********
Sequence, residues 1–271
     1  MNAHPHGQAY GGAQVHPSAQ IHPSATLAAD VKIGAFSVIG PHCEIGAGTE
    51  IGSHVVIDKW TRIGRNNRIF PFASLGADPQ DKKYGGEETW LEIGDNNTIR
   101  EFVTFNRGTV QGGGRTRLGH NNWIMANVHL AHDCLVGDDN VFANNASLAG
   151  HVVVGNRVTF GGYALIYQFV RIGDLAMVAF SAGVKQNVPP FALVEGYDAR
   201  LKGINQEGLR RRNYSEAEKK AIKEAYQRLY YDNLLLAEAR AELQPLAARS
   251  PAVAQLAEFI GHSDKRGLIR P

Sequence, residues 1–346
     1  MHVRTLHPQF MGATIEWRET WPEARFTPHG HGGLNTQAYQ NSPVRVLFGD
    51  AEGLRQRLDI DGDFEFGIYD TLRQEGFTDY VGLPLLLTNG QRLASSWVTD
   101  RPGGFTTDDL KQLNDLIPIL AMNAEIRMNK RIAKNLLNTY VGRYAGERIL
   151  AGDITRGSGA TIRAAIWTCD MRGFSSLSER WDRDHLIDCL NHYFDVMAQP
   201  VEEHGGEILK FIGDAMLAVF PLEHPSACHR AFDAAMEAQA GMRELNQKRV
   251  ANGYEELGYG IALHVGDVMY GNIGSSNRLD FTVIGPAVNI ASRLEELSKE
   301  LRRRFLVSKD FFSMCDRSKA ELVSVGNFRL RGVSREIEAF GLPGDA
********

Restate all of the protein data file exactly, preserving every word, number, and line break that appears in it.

Sequence, residues 1–271
     1  MNAHPHGQAY GGAQVHPSAQ IHPSATLAAD VKIGAFSVIG PHCEIGAGTE
    51  IGSHVVIDKW TRIGRNNRIF PFASLGADPQ DKKYGGEETW LEIGDNNTIR
   101  EFVTFNRGTV QGGGRTRLGH NNWIMANVHL AHDCLVGDDN VFANNASLAG
   151  HVVVGNRVTF GGYALIYQFV RIGDLAMVAF SAGVKQNVPP FALVEGYDAR
   201  LKGINQEGLR RRNYSEAEKK AIKEAYQRLY YDNLLLAEAR AELQPLAARS
   251  PAVAQLAEFI GHSDKRGLIR P

Sequence, residues 1–346
     1  MHVRTLHPQF MGATIEWRET WPEARFTPHG HGGLNTQAYQ NSPVRVLFGD
    51  AEGLRQRLDI DGDFEFGIYD TLRQEGFTDY VGLPLLLTNG QRLASSWVTD
   101  RPGGFTTDDL KQLNDLIPIL AMNAEIRMNK RIAKNLLNTY VGRYAGERIL
   151  AGDITRGSGA TIRAAIWTCD MRGFSSLSER WDRDHLIDCL NHYFDVMAQP
   201  VEEHGGEILK FIGDAMLAVF PLEHPSACHR AFDAAMEAQA GMRELNQKRV
   251  ANGYEELGYG IALHVGDVMY GNIGSSNRLD FTVIGPAVNI ASRLEELSKE
   301  LRRRFLVSKD FFSMCDRSKA ELVSVGNFRL RGVSREIEAF GLPGDA